July 8, 2009 > Homeschool Information Night
Homeschool Information Night
By Dustin Findley
Homeschooling is when parents direct the education of their children, either by teaching the children on their own, or by finding resources out in the community to provide the instruction.
Stephanie Hood will be presenting Homeschool Information Night at the Milpitas Library.
The evening will be divided into 2 parts, roughly 6 - 7 p.m. and 7:15 - 8:15 p.m, each concluding with a question and answer session.
Part one will cover basic information about home schooling options in California: public school independent study program, offered by school districts and charter schools that specifically home school families, such as California Virtual Academy.
Public school programs, home schooling through an existing private school, independent home schooling, which families can do, establishing their own private school and managing their child's education that way. These are the basic legal options.
During the night participants will also go over more practical, day to day stuff, different philosophies different families use. "Some follow very closely the kind of scope and sequence that students might encounter in a school setting, some do not" said Hood.
They will be looking at different options available so families have the opportunity to choose what is most comfortable for them.
Support groups are parent lead, non-incorporated groups in Santa Clara and Bay Area counties.
"With home schooling, we are a small percentage of the population. So it's unlikely that you're going to find a ton of people with your same kind of philosophy right in Milpitas" Hood said.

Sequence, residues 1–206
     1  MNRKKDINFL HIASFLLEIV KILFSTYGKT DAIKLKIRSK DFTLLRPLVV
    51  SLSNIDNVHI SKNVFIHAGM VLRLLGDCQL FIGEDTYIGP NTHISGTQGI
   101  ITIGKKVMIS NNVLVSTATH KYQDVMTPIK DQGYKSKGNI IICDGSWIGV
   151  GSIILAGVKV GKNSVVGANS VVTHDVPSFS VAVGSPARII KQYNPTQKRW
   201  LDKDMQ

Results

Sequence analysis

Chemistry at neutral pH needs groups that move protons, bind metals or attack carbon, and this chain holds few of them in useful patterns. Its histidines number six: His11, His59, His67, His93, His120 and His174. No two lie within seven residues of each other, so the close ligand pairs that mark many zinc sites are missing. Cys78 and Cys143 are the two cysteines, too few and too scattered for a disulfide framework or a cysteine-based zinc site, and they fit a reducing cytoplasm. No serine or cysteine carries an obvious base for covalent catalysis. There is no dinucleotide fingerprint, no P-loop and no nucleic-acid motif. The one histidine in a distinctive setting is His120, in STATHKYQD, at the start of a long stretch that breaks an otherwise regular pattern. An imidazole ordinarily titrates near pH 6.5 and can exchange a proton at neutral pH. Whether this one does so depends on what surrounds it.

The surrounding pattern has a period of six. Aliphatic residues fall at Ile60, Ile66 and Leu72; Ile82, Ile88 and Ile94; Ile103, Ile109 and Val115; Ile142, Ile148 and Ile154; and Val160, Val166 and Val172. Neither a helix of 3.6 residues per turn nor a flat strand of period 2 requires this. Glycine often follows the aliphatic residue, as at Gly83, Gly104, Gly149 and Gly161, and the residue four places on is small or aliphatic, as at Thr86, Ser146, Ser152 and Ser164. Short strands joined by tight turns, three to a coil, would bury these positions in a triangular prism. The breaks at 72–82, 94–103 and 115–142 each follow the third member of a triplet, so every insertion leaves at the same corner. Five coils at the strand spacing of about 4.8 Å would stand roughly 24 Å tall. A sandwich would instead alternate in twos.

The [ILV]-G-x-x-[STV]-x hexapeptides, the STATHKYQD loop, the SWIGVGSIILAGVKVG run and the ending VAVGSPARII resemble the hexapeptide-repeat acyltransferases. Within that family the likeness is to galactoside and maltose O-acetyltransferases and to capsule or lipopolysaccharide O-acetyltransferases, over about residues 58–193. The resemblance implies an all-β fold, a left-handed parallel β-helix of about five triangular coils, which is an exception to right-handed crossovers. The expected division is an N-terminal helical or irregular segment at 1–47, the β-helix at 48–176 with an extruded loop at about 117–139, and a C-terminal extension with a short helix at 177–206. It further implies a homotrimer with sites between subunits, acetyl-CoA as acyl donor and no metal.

The largest and nearest secular or inclusive homeschooling support groups are in San Jose and toward the Peninsula.
Hood continued: so "People in the homeschool community do tend to travel. We do tend to put a lot of miles on our cars. It's as much car schooling as home schooling... (For) those of us who want to get out and connect. Some people really are happy to insulate themselves, which is a family decision."
During part 2 they will be specifically addressing homeschooling high school, discussing what options are available. "There are decisions to be made, you really do have to think carefully about what your goals are before you start home schooling for high school" said Hood.
The same legal options are available for high school home schooling, through mostly accredited public charter or public district programs. There are also a lot of other options that are less conventional, "that do not at all limit your child's ability to go onto college, to universities"
"A lot of parents are concerned" about being able to teach certain subjects, like geometry, so there is the option of outsourcing classes.
Many parents may express "I don't know how to teach geometry, what can I do about that? Is there a way to do lab science?"
There are a number of opportunities and places where kids can go and take these classes with other kids, and Hood will be discussing these resources, and how to graduate your student. California High School Proficiency Exam is a state test that basically issues the legal equivalent of a high school diploma. So it's "Important for people to know what that is" Hood said.